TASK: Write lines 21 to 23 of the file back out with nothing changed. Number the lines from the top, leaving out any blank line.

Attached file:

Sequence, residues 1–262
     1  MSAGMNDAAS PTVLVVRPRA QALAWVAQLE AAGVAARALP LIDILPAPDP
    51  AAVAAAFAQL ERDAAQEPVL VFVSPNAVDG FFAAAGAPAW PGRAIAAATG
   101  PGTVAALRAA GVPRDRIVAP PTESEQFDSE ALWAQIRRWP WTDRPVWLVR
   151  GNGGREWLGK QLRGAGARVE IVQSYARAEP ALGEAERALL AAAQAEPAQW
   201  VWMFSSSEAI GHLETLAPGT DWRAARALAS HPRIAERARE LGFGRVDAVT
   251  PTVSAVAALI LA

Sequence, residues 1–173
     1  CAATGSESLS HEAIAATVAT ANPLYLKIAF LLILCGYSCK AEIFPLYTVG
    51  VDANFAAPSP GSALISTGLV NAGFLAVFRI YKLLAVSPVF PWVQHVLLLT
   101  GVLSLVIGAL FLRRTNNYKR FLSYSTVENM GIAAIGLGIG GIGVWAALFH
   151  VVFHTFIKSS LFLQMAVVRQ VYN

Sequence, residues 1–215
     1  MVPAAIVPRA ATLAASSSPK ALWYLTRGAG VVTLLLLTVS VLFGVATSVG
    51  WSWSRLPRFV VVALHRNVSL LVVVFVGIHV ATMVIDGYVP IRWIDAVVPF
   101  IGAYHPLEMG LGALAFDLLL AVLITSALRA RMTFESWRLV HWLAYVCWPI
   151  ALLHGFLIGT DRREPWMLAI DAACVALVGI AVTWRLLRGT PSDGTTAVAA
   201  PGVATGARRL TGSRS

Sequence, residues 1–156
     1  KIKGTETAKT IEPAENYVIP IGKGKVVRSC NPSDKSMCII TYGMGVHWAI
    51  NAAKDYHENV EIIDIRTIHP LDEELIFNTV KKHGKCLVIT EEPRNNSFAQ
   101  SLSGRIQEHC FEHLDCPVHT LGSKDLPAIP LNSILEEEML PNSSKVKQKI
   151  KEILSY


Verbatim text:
    51  NAAKDYHENV EIIDIRTIHP LDEELIFNTV KKHGKCLVIT EEPRNNSFAQ
   101  SLSGRIQEHC FEHLDCPVHT LGSKDLPAIP LNSILEEEML PNSSKVKQKI
   151  KEILSY